- Inside building services. Construction works, workshops and automobile repairs cause noise pollution. The equipment used in such jobs produces a lot of noise that causes nuisance and may hamper hearing ability.
- Household activities. These are activities such as the loud banging of doors, noises from playing children, furniture movement, crying infants, loud arguments. Many households also own entertainment equipment such as Hi-Fi Systems, Television sets, and loudspeakers that may further contribute to the overall noise emanating from indoor household activities. Household equipment like pressure cookers, vacuum cleaners, washing machines, sewing machines, mix-grinders, desert coolers, exhaust fans, and air-conditioners equally produce a lot of noise.
- Office equipment. In offices, there are printers, photocopiers, and typewriters among other equipment that contribute to noise pollution in the working places and its environs.
Tips for Prevention of Noise Pollution
1. Standard laws by different organizations
Transport sector noise control, proper urban planning and use of zoning codes, roadway noise control, noise-reducing architecture designs, and aircraft noise reduction are some of the noise mitigation measures that can be employed to curb noise pollution. To implement them, there are various guidelines or rather standard recommendations of allowed noise levels including:
- Occupational Safety and Health policies. These policies impose administrative and engineering controls in the workplace in cases where the workers are exposed to levels of noise which are above 90-dBA for a period of eight-hour time-weighted averages (TWA). It also recommends that Impulse and impact noise control measures to be put in place where the noise is past 140 dB. It has been applied in various sectors around the world including manufacturing industries, office spaces, construction sites, railroads, and airports. The measures include controlling impact and impulse of noise.
- Other organizations. They include Mine, Safety, and Health Organizations. Different countries have their own policies and regulations on noise pollution that are in line with international noise pollution policies in the mining, processing, and power production plants.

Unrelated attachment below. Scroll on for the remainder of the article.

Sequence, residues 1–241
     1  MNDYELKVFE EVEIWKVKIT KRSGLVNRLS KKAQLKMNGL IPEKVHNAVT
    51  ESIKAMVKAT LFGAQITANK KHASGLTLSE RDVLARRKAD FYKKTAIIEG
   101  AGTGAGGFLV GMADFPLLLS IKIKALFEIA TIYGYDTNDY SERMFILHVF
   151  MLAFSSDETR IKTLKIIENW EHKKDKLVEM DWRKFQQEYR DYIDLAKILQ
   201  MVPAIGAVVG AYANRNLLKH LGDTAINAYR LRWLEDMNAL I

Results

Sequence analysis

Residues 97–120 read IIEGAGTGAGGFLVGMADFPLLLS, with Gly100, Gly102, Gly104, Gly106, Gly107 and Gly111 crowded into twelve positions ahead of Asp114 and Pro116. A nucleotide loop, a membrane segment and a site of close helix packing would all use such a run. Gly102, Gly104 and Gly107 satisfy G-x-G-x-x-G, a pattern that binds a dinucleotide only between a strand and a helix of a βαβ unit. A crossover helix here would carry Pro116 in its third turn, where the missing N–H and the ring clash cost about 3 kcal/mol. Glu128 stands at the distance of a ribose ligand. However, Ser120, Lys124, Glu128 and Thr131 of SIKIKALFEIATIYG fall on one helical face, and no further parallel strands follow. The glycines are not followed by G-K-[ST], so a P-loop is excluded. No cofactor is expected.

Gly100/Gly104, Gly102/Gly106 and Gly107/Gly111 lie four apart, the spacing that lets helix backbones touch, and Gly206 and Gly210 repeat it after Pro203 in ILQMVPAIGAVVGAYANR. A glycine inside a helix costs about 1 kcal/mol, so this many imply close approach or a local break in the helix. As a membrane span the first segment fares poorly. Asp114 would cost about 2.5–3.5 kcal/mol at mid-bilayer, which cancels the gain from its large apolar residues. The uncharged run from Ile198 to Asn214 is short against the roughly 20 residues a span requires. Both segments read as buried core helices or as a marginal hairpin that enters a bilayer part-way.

2. Tips to control noise pollution
Some of the tips that can assist in controlling noise pollution include
- Use of earplugs. One of the cost-effective tips for reducing noise pollution is wearing earplugs. They can be worn in working places and while sleeping to reduce the amount of noise from the surrounding environment. They have health benefits such as healthy sleeping habits and prevent damage to the eardrum.
- Soundproofing. Industrial plants that produce a lot of noise from their machinery can use soundproof materials to reduce high sound frequencies. At home, one can install soundproofing materials that block the noise and associated vibrations. Double-pane windows, for example, can be an impressive method for preventing noise pollution.
- Closing the windows. To prevent unwanted noise from entering into the house and buildings, one can simply close the windows and open them when it is quite.
- Jarring horns. To reduce the noise that is associated with continuous hoots in traffic, vehicles can install horns that have jarring sounds. In cases where the exhaust pipes are damaged, they should be repaired and noisy trucks banned.
- Law enforcement. The state and local governments should have proper laws that prevent noise pollution near residential areas. They can give authority to community law enforcers who will have the mandate of checking noise polluters. An example is whereby laws are enforced such that industries or noise-producing businesses are set up and operated away from schools, colleges, hospitals, and residential areas.
- Noise-canceling headphones. They can be used by workers to reduce noise pollution in industrial and construction workers. They filter any unwanted noise and prevent it from reaching the ears.
- Use of barriers or go green by planting trees. A simple way of reducing the vibrations and strong sound waves is through the use of barriers such as fences and planting trees around the house. These barriers would absorb the waves and reduce environmental noise significantly.
- Lubrication and better maintenance of machines. When the moving parts of machines and engines are well maintained and lubricated, it not only improves efficiency but also aids in reducing noise. The reason is that lubrication and proper maintenance reduces friction between moving parts.
- The use of creativity in house and office layout. Being innovative in the placement of equipment can significantly help in reducing noise pollution. Noisy house appliances and office equipment can be placed at the far ends of the house or office, therefore, reducing the levels of noise that reaches resting or working areas.
- Can You Recycle Photos? (And 9 Ways to Reuse Old Photos) - January 6, 2021
- Are Aluminum Cans Recyclable? (And 7 Ways to Reuse) - January 4, 2021
- Are Egg Shells Recyclable? (And 10 Ways to Reuse Egg Shells) - January 3, 2021